For the last few years, when the subject of cryptocurrency donations arose, I invoked the standard advice: convert to dollars, ASAP, the standard practice that charities should follow in handling gifts of stocks, bonds, boats, real estate or any other in-kind gifts, etc. But inside my head, I could never shake that mackerel-in-the-moonlight feeling: about crypto: nice shine, terrible smell.
Exponential cryptocurrency growth, more or less paralleling the two plus years of the Covid "crash," marked by sharp speculative highs and lows, didn't seem to curb the interest of development officers and consultants in chasing crypto gifts - mainly from younger new-to-giving donors -- who bought in at low prices and were suddenly sitting on serious money. Several start-ups sprang up to serve nonprofits as fee-paid brokers in converting crypto gifts to dollars.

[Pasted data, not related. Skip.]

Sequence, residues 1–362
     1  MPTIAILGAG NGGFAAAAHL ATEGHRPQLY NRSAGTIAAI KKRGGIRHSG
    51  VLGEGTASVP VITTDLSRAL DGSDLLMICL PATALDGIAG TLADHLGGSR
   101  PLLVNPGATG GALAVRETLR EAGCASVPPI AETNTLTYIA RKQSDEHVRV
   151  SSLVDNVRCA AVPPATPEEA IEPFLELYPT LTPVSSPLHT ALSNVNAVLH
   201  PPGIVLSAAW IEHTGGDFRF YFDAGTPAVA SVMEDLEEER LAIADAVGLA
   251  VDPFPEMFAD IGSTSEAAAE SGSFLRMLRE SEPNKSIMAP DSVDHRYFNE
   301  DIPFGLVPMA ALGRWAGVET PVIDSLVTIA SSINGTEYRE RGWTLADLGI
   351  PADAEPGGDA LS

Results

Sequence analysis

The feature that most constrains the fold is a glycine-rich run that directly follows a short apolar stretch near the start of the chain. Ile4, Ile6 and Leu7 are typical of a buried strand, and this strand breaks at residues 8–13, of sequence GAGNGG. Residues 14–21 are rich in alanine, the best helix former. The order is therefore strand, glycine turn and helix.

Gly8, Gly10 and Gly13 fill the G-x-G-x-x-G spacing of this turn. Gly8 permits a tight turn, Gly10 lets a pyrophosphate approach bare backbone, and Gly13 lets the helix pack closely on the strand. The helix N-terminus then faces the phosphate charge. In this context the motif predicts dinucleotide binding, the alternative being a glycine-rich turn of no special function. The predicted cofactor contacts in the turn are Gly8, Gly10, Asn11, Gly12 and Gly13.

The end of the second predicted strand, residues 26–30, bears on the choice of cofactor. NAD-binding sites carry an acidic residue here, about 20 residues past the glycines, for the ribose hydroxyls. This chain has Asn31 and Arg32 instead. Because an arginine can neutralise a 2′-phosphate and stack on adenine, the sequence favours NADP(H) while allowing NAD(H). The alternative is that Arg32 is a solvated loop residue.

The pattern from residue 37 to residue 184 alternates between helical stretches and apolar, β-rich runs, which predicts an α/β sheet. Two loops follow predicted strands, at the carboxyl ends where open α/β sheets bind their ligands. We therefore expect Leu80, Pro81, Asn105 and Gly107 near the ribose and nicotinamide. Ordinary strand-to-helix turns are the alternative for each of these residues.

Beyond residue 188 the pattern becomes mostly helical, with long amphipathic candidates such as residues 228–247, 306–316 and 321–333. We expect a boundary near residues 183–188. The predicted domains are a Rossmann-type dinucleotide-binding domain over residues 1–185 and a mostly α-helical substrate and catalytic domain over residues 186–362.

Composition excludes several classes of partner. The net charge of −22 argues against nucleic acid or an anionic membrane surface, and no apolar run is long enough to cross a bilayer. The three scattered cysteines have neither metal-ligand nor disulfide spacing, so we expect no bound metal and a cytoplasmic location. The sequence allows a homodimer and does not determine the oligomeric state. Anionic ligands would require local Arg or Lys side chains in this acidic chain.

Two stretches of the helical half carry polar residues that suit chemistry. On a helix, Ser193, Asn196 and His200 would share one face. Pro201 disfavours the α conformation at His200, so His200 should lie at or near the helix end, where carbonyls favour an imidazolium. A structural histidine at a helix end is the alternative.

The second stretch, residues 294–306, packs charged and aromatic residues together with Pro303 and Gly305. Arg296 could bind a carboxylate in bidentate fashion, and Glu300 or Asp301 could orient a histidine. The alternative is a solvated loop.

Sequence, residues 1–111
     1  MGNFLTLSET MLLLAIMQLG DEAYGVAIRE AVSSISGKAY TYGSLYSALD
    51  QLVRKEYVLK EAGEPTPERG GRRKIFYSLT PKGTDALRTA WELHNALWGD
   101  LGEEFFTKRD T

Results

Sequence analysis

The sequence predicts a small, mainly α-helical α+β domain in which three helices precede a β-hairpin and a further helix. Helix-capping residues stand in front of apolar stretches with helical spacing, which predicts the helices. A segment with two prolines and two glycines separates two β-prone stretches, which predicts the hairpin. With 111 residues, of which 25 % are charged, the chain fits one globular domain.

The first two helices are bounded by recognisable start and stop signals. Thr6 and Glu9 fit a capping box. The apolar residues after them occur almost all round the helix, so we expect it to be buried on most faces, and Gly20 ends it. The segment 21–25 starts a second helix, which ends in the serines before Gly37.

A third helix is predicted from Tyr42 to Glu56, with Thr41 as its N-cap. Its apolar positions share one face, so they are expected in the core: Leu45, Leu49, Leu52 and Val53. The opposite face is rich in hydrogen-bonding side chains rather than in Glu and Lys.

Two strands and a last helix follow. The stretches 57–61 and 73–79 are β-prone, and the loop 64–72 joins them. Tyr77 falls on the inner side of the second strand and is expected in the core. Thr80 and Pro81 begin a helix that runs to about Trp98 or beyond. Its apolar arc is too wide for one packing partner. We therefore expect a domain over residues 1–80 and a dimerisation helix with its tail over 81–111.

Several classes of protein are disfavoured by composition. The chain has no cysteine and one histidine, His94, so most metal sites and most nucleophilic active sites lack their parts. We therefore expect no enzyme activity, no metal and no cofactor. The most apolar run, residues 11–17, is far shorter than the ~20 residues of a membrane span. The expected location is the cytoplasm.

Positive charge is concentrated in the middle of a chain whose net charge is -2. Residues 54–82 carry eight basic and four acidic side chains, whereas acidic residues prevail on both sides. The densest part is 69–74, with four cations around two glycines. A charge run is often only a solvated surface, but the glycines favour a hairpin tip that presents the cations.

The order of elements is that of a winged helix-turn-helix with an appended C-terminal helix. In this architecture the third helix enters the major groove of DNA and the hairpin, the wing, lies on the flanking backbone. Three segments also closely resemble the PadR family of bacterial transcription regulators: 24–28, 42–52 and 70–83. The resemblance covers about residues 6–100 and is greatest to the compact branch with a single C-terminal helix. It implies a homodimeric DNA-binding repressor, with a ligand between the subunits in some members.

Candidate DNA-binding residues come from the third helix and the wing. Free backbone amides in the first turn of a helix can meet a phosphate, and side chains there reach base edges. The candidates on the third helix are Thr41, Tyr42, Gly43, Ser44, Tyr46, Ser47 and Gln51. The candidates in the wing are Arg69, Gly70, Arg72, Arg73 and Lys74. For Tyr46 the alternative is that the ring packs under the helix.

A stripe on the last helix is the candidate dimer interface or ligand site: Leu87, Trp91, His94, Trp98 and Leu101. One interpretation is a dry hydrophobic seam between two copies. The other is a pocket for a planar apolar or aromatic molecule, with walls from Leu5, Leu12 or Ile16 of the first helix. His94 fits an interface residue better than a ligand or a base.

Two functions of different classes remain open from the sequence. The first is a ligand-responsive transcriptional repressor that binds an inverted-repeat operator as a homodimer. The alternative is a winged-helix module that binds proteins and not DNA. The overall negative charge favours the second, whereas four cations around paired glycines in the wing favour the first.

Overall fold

At its peak, one bitcoin ( the crypto leader by far) sold at over $60,000.This morning, Friday the 13th (read into that whatever you will) the price was roughly $30,000. And, this morning's New York Times front page reported on the $300 billion collapse of the crypto market in just four days.
Bottom line: Anyone who wants to gift cryptocurrency to your charity should do the conversion to dollars first. Period. Full stop.